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The Bristal Assisted Living Blog

Posted by The Bristal  |  June 16, 2022

Can a Sleep Routine Help You Sleep Better?

Getting a good night’s sleep may be more difficult as we age. Numerous factors including changes in your body’s circadian rhythm, insomnia, side effects from certain medications, and medical conditions like arthritis and restless leg syndrome, can impact the quality and quantity of your sleep. In addition to incorporating foods that can help promote sleep, creating a solid sleep routine may be beneficial in improving sleep. This blog from The Bristal explores how.

What Happens When You Don’t Get Enough Sleep?

The Centers for Disease Control and Prevention recommends that adults 65 years and older aim for 7 to 8 hours of sleep per night. While it isn’t unusual to have trouble sleeping on occasion, consistent problems falling and staying asleep are cause for concern.

Chronic sleep deprivation has been linked to an increased risk of developing cardiovascular disease, type 2 diabetes, obesity, and depression. There is also research showing sleep deprivation can significantly impact cognitive functioning, as well as raise the risk of cognitive decline and dementia. If you continue to have problems sleeping, it is important to talk with your primary care provider who can check for underlying medical conditions like sleep apnea.

What Should a Sleep Routine Include?

A sleep routine is nothing more than a set of actions or behaviors you perform before bedtime. Done consistently, a sleep routine may help improve the quality of your sleep. Following are some common habits to include in your sleep routine:

  • Have a set sleep schedule. Waking up and going to bed at the same time each day will help teach your body to become tired before bedtime. The key is to be consistent and to be patient – it may take time for your body to adjust.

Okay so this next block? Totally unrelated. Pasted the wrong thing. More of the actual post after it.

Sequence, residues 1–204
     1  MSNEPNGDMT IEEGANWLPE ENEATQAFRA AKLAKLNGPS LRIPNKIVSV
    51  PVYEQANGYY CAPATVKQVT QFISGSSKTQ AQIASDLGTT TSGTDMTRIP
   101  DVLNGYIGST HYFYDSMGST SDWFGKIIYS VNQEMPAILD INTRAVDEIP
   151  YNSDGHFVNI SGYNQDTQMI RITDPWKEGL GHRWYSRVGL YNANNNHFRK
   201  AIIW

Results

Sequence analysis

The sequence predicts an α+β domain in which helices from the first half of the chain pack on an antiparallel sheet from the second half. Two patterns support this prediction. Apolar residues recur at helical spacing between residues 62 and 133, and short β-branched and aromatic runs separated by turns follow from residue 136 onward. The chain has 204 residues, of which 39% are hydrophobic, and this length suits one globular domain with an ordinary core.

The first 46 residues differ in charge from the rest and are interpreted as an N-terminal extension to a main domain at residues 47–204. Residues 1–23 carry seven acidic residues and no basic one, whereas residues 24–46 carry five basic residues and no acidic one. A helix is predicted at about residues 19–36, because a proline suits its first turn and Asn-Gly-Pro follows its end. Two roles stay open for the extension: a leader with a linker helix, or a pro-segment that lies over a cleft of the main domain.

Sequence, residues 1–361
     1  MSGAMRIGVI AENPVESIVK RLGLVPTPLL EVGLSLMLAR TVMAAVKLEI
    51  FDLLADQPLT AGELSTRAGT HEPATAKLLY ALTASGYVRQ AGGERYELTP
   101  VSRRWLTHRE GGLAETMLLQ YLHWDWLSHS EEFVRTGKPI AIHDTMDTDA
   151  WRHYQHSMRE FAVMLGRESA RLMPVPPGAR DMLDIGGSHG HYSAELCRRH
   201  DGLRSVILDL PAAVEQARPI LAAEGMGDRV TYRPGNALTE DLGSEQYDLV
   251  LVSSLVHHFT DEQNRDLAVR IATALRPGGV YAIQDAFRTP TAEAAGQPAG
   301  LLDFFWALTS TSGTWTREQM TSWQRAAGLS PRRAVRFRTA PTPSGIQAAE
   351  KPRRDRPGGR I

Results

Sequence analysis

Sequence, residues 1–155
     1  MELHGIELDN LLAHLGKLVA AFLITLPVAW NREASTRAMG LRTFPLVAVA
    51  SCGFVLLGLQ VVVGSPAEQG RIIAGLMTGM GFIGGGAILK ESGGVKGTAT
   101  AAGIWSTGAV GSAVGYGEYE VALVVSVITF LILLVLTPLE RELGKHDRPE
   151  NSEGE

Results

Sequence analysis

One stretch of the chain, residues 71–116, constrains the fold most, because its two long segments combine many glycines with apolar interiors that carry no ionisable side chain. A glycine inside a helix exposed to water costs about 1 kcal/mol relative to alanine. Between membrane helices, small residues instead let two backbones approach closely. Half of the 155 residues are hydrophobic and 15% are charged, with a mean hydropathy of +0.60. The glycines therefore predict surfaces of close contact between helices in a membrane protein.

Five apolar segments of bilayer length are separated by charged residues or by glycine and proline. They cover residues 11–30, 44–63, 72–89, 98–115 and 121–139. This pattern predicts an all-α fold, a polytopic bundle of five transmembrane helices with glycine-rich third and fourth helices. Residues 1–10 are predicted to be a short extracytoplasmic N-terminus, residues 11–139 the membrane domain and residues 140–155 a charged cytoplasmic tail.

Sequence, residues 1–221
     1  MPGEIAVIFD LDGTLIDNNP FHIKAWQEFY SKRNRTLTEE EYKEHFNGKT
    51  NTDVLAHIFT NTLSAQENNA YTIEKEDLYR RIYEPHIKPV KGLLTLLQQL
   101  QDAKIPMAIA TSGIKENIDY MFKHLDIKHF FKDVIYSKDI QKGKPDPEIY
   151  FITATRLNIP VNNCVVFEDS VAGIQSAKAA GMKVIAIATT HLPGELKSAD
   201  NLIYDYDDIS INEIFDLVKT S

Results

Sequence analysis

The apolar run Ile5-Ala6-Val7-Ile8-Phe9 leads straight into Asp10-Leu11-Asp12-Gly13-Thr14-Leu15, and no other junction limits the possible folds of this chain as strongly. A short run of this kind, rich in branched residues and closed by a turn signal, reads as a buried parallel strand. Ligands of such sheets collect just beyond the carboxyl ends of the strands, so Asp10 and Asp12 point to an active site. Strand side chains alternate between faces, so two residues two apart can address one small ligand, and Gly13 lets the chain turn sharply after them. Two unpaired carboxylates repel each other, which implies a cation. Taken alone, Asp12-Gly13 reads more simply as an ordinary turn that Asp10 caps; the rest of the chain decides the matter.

• Limit screen usage before bed. The blue light from smartphones, tablets, computers, and television screens can interfere with your circadian rhythm. Power down electronic devices at least one hour before bedtime to limit your blue light exposure.
  • Be careful about what you eat and drink. Acid reflux and indigestion are common sleep disruptors. Heavy meals or too much alcohol close to bedtime can cause both. If you need a snack before you sleep, choose something that is light and easily digestible.
  • Make sure your sleep environment is conducive to sleep. In addition to lowering your thermostat at night, keeping your bedroom free from clutter may also promote better sleep. Blackout curtains and using a white noise machine or app can help eliminate distractions. Finally, make sure your mattress and bedding are comfortable.
  • Relax your mind. A good sleep routine should include strategies that help your mind unwind. Every person is different, so a trial-and-error approach may be needed. Reading, journaling, meditating, and coloring are all great ways to relax your mind before bed. Listening to music and working on puzzles are also great options.
  • Take a warm bath or shower. The drop in your body temperature following a warm bath or shower may help you feel sleepy and relaxed.

Additional Lifestyle Resources

For additional lifestyle tips and resources, visit The Bristal’s blog.

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